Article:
Every November and June, an independent organisation re-evaluates the 500 most powerful known machines in the world and ranks them at Top500.org. In recent years China and Japan nabbed most of the top five spots in a field where America once hogged the top ten…

This year, however, America is limbering up for a comeback. Three of its national labs are being spruced up. Argonne National Laboratory’s IBM Blue Gene/Q supercomputer, christened Mira, will go online at Dr Papka’s outfit sometime in the second half of 2012…

Much of the crunching will be scientific in nature. Mira’s processing muscle will enable researchers to model exploding stars, turbulent airflow over aircraft wings and wind-turbine blades, or new materials to make better batteries, among others.

Interestingly, among the scientific uses of Mira listed one is conspicuous by its absence.  Climate modeling.  To better understand global warming.  And to understand whether the sun has a greater effect on climate (as most real scientists believe).  Or if man is the dominate driving factor (as all global warming ‘scientists’ funded by governments with a vested interest in proving that man is the driving factor so they can regulate and tax emissions and fill government coffers with more money they can spend believe).  Was this excluded because they have already settled this ‘science’ as government wanted it settled?  Or is this ‘science’ not worthy of time on such a valuable computing resource?  Or is the whole field so inconsequential that it just didn’t occur to the author to include it in a list?

Interesting because we do all of those other things already.  This more powerful computer will only let us do those things better.  And as complex as climate is you’d think they’d want to model that better.  Unless they’re worried about what better modeling would tell them.  That the earth is an incredible self-correcting ecosystem regardless of what happens on it.  Whether it be volcanoes spewing so much ash into the atmosphere that it lowers global temperatures.  Or the powerful effects of solar activity that have advanced and receded the glaciers long before man made any carbon on the planet.  Glaciers that have moved farther than they did at any time since man began spewing carbon into the atmosphere.

Perhaps this growth of government ever deeper into our economy, taxing and regulating technological achievement, has stifled our human capital.  As governments pours funding and resources into pseudoscience to combat something that doesn’t even exist.  Man-made global warming.  Perhaps this is the reason that the U.S. doesn’t dominate the top ten of the most powerful machines anymore.

www.PITHOCRATES.com

Share

Tags: , , , , , , , , , , ,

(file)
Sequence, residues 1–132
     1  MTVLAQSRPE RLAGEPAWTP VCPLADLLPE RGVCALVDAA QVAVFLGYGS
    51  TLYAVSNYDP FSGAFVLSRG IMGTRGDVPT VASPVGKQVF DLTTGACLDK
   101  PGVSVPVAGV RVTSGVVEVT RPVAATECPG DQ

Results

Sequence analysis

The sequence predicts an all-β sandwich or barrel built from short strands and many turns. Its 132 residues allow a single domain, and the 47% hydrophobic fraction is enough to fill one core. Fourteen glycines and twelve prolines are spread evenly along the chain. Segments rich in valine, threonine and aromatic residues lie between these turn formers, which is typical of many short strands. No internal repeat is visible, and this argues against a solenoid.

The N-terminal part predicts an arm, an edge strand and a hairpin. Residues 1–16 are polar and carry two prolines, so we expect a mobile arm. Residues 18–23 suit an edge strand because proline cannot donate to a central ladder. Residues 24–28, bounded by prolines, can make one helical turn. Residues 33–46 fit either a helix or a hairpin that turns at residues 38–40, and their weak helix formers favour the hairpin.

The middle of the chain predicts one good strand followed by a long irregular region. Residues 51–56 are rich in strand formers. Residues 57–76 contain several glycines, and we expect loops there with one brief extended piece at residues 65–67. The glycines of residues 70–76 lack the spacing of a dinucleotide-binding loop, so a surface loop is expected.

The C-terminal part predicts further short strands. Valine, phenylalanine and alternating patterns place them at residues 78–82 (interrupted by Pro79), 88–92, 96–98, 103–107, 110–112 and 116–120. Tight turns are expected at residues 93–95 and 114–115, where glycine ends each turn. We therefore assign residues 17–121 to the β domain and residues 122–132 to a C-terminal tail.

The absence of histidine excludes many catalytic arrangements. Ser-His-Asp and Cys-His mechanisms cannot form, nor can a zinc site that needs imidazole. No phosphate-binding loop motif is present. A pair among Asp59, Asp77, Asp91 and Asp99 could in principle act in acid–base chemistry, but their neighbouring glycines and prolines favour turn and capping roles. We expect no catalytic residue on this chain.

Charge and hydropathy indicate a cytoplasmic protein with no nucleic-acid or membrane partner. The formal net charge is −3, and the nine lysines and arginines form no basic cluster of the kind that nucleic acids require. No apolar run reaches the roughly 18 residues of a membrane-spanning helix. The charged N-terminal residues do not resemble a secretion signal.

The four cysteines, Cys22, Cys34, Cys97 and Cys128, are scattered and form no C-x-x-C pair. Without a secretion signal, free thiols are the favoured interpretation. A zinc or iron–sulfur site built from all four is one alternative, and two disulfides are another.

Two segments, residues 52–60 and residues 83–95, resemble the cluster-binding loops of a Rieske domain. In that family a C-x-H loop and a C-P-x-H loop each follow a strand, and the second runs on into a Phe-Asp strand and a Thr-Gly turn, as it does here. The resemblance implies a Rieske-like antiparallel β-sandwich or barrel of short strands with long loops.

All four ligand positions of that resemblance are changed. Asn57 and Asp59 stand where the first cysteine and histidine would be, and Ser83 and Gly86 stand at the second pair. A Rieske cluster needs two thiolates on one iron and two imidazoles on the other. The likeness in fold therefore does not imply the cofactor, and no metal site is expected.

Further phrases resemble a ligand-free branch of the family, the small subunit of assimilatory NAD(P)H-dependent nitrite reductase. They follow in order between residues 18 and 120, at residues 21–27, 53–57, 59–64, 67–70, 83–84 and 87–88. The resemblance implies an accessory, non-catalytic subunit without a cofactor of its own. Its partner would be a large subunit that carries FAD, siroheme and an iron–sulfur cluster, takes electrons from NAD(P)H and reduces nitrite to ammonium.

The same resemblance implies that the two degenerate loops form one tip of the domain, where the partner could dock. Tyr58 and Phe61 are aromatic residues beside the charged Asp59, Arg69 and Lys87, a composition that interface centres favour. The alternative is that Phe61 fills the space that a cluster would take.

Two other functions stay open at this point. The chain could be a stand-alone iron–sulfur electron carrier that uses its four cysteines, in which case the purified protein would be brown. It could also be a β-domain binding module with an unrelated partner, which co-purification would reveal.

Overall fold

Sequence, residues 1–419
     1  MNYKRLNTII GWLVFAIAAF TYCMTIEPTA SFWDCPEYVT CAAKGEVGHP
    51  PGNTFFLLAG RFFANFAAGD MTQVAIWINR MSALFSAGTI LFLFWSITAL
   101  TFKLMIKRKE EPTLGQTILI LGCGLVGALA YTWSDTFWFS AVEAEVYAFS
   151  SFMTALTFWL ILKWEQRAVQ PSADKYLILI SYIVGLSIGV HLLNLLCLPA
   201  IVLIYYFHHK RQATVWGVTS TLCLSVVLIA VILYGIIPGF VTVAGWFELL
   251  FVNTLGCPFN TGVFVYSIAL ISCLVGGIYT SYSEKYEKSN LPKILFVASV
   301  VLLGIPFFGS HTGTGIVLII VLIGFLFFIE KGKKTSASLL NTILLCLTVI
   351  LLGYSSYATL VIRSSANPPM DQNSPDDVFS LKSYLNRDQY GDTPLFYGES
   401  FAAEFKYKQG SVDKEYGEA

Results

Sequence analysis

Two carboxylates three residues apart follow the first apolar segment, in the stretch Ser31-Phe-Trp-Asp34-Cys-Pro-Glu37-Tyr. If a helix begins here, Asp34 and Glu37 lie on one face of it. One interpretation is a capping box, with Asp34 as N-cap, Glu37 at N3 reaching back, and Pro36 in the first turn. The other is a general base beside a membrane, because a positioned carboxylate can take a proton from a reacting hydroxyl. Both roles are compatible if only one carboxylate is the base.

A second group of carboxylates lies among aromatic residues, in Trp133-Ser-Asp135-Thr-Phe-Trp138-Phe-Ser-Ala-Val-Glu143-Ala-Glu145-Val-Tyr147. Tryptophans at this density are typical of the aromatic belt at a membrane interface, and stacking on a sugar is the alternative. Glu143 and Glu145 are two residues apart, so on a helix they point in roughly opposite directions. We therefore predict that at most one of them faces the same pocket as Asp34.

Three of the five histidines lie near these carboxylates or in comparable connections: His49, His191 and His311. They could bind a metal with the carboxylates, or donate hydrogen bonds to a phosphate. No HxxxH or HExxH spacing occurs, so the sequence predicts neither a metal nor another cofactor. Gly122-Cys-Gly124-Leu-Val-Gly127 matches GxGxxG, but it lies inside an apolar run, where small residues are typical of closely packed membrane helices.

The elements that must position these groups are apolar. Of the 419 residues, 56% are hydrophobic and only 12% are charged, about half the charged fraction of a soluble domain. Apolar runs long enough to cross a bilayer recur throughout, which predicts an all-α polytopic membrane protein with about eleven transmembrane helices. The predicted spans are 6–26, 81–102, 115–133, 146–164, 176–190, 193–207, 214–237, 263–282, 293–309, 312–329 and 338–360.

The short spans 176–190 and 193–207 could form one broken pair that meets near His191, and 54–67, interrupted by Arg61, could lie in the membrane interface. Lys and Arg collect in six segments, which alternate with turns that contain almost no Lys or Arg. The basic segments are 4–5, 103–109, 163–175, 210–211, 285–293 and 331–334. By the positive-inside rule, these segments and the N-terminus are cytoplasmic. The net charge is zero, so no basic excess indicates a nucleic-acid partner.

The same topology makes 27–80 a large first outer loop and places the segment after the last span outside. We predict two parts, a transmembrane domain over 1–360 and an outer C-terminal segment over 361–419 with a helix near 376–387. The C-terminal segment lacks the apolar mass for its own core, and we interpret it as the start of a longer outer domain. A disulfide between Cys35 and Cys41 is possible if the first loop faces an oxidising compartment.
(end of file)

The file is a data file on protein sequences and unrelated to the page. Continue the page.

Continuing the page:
The Swiss install a Solar-Powered Ski Lift in Tenna to use During the Short Gray Days of Winter

Posted by PITHOCRATES - February 5th, 2012

Week in Review

A tiny little town in Switzerland, Tenna, has a small ski resort with one T-bar ski lift.  The kind where they pull you uphill while you stand on your skis.  With the lift between your legs and the ‘T’ behind your upper thighs where they join the buttocks.  It’s not the most comfortable way to the top.  But it sure beats cross-country skiing uphill to alpine-ski downhill.  Or the dreaded tow rope.  Where you pull your weight uphill by holding on to the rope as it pulls you uphill.

This ski lift was wearing out.  And it was the only one in the valley.  But what is winter in a Swiss valley without skiing?  Long, cold and gray.  So the people of Terra saved that T-bar lift.  To make those short gray days more bearable (see Tiny Swiss town builds the world’s first solar-powered ski lift by Adventure Journal posted 2/2/2012 on GrindTV).

The Tenna lift generates 90,000 kilowatt hours a year, or three times the juice needed to run the lift, and the extra power goes back into the grid, which makes money for the town, which can pay residents back…

At $1.5 million, the project wasn’t cheap, but considering the cost of a new or updated lift anyway, plus the open skies above most ski lift pathways, it’s a no-brainer to use that area to offset the energy use. Other resorts might not gain 300 percent efficiency as in Tenna…

If you follow the link you’ll see a sunny picture of the lift.  With a lot of clouds in the sky.  On a sunny day.  So it’s just not night time that’s a problem with solar power.  It’s the clouds, too.  That’s why solar power has such a low capacity factor.  The labeled output for those solar panels may be 90,000 kilowatt hours a year.  But after you apply a 25% capacity factor to account for when the sun doesn’t shine, that’s only 22,500 kilowatt hours a year.  Which means there’s a good chance that there will be times when skiers won’t reach the top of the mountain.  Luckily for them, though, it’s a T-bar lift.  Where their feet will always be touching the ground on the ride up.  So they can always ski back to their car when the lift stops working.  And start up their good old reliable internal combustion engine to drive back home.